To describe the phenomenology of monitored sudden unexpected death in epilepsy (SUDEP) occurring in the interictal period where death occurs without a seizure preceding it.Methods:
We report a case series of monitored definite and probable SUDEP where no electroclinical evidence of underlying seizures was found preceding death.Results:
Three patients (two definite and one probable) had SUDEP. They had a typical high SUDEP risk profile with longstanding intractable epilepsy and frequent generalized tonic–clonic seizures (GTCS). All patients had varying patterns of respiratory and bradyarrhythmic cardiac dysfunction with profound electroencephalography (EEG) suppression. In two patients, patterns of cardiorespiratory failure were similar to those seen in some patients in the Mortality in Epilepsy Monitoring Units Study (MORTEMUS).Significance:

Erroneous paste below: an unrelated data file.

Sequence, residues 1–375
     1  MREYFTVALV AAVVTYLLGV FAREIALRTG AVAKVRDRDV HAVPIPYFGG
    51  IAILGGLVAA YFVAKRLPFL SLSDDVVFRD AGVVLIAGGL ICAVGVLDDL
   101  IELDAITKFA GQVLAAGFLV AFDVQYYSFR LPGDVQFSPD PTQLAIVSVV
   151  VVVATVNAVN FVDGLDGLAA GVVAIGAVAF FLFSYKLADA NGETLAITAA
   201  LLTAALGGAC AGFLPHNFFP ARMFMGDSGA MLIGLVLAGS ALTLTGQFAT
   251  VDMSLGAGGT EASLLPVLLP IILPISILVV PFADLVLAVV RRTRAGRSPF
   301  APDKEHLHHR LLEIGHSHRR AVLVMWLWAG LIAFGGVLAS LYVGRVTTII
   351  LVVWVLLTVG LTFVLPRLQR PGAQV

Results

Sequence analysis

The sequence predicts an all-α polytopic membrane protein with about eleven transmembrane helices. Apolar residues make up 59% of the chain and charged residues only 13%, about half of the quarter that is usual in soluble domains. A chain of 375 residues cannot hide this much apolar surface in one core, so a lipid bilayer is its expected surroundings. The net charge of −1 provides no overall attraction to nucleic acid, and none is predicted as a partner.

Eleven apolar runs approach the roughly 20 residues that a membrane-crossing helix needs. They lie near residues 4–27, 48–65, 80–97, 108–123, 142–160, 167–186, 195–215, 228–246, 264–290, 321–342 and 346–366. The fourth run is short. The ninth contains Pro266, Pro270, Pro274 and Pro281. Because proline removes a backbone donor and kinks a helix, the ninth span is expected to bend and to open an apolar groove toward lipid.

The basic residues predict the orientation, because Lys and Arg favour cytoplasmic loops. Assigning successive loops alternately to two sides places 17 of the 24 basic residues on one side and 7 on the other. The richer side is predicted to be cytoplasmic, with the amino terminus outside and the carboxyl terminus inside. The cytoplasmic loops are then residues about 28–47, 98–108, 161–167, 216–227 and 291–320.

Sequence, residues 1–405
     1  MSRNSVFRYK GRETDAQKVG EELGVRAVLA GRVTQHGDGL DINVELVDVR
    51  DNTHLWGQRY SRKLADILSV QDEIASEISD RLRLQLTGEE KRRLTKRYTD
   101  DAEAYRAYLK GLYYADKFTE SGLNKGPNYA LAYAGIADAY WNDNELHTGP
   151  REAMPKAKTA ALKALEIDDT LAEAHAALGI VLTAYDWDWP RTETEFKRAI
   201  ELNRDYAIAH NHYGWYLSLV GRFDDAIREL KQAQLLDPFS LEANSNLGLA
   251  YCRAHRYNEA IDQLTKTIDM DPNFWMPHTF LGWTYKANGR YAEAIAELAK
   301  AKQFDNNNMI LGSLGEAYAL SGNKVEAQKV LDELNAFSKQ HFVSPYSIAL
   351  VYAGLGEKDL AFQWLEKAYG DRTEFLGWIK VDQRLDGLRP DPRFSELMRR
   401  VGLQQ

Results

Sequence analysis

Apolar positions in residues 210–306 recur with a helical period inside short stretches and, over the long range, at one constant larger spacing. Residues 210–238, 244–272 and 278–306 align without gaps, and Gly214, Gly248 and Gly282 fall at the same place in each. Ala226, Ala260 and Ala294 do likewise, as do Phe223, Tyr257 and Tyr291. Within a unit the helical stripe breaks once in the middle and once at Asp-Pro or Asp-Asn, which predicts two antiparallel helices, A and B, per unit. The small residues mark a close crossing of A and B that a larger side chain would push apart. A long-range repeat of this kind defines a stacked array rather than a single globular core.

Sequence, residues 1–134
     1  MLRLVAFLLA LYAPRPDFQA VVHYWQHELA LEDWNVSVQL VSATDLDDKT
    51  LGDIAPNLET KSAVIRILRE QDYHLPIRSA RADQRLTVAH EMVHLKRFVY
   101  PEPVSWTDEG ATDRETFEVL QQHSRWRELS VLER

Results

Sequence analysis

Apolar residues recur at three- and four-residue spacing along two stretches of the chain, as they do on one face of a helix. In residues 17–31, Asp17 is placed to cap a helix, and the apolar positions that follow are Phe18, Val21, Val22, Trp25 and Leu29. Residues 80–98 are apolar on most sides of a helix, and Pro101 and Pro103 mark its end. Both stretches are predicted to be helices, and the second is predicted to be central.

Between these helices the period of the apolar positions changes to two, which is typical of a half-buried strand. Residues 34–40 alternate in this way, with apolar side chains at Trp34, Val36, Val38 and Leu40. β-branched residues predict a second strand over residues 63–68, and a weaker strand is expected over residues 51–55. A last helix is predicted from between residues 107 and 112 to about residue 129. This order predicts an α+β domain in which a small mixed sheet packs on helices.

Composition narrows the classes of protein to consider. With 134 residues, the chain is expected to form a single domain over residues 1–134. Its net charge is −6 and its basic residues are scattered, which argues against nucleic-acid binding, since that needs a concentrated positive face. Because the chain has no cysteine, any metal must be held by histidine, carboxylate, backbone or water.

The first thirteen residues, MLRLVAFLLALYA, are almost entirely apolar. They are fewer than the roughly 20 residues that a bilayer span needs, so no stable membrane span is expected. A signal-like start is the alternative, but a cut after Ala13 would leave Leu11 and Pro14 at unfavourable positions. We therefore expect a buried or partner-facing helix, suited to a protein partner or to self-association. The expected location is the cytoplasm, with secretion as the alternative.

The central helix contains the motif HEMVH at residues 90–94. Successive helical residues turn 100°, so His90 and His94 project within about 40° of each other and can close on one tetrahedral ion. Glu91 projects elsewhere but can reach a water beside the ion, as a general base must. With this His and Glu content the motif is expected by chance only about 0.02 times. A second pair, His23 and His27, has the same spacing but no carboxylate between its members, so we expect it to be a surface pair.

SUDEP almost always occur postictally, after GTCS and less commonly after a partial seizure. Monitored SUDEP or near-SUDEP cases without a seizure have not yet been reported in literature. When nonmonitored SUDEP occurs in an ambulatory setting without an overt seizure, the absence of EEG information prevents the exclusion of a subtle seizure. These cases confirm the existence of nonseizure SUDEP; such deaths may not be prevented by seizure detection–based devices. SUDEP risk in patients with epilepsy may constitute a spectrum of susceptibility wherein some are relatively immune, death occurs in others with frequent GTCS with one episode of seizure ultimately proving fatal, while in others still, death may occur even in the absence of a seizure. We emphasize the heterogeneity of SUDEP phenomena.